No, I’m not going to go through my entire history from puberty and beyond. But as a female in America, I have experienced pressure to have a perfect body and discomfort with myself when I did go through puberty. I was an early bloomer, everything puberty related I got in late elementary school so obviously, I was different from the other girls around me. I was never bullied or harassed (and I thank God for that) just uncomfortable. Fast-forward to now, I’m a young adult who has finally come to terms with the many expectations set upon me. My teen years were still rather awkward since I was trying to be the ideal teenager; you know, perfect hair, skinny but curves in the right places, flawless skin, and the like. Now, I’m comfortable with how I look. I’m not perfect, as if anybody is. I’m not skinny (I’m rather average with curves, buying jeans can be a hassle), I love my natural hair (it’s so curly and pretty!), and thanks to certain facial cleansers, my forehead is a long way away from its acne-filled, sandpaper-y qualities from elementary school. But there are still things I want to change about myself. I have enough self-esteem that I don’t obsess over my looks, but I do still care. And I can be super cliche and say that you’re all perfectly imperfect too (guys and girls) and that you have to be completely comfortable with what you look like. But that’s for you to come to terms with, not for me to thrust upon you.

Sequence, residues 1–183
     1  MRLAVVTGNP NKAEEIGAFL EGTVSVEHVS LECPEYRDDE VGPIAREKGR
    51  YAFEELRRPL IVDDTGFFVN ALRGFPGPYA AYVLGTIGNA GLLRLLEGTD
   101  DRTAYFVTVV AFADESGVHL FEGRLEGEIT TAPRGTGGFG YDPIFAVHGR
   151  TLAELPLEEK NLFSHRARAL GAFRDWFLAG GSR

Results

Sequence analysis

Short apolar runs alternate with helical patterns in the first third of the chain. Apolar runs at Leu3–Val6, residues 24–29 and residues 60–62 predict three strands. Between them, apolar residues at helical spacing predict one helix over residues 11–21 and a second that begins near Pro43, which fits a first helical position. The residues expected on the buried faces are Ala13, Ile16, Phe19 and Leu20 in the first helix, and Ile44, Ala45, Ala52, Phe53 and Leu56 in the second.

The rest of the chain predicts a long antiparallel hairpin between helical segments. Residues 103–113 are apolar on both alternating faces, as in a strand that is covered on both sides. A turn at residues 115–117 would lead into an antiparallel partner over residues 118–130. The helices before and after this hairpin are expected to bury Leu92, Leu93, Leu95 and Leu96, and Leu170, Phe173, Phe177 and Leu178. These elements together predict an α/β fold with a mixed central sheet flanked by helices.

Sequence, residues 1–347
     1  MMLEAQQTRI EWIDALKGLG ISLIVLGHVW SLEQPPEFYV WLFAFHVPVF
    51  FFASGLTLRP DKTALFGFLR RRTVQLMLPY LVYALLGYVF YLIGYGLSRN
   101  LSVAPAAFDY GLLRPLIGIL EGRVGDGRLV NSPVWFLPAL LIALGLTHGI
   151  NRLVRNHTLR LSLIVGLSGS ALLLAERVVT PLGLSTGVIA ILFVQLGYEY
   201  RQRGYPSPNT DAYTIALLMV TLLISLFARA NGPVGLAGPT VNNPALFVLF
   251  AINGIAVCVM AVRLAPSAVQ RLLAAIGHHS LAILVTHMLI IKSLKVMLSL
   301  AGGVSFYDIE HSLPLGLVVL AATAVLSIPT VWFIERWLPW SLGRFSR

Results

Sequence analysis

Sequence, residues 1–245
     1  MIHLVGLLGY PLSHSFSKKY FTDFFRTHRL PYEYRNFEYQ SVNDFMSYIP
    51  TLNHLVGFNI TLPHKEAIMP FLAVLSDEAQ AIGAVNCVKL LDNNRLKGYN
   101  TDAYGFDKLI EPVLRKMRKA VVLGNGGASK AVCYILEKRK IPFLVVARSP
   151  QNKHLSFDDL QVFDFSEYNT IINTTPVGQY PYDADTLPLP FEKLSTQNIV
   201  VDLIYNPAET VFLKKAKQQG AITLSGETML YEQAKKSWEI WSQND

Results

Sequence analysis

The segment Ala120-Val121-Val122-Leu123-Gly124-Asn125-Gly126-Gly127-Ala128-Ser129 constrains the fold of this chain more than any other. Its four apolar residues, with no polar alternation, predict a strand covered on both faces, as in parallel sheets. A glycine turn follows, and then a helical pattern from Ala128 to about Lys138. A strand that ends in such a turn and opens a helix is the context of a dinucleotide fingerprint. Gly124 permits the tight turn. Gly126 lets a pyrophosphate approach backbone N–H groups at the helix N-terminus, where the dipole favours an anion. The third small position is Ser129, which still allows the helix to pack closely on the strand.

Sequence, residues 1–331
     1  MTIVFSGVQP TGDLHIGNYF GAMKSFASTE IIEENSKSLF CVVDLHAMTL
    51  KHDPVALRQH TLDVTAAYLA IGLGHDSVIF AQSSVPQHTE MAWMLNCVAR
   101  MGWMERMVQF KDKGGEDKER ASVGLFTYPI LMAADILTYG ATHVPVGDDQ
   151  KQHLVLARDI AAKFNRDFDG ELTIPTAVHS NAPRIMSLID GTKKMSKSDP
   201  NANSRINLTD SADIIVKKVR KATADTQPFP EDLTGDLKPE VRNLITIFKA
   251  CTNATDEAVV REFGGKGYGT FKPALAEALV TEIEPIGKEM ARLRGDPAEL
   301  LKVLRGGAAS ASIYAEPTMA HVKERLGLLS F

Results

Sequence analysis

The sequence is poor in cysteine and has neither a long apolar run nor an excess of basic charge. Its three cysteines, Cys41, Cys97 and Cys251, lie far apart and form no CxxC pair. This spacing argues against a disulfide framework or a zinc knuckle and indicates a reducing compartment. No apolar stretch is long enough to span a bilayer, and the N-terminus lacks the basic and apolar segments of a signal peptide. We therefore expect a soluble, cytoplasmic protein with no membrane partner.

That being said, I enjoyed this book. Brumberg goes through history to see how girls and women in general dealt with puberty and their appearances by making their body a “project” of sorts. She described the differences between the 18th century to the 20th century. I found it very surprising that in the Victorian age, mothers didn’t even talk to their daughters about getting their first period for fear that their purity would be compromised. And the explanations that male doctors and psychologists at that time gave Although the book was published in 1997, many things I in this book are relevant to now in 2013. You’ll laugh, be disgusted, maybe even outraged at some of the ways that women were viewed and still are viewed. It was a very enjoyable read and I’m sure you’ll enjoy, even if you’re a guy.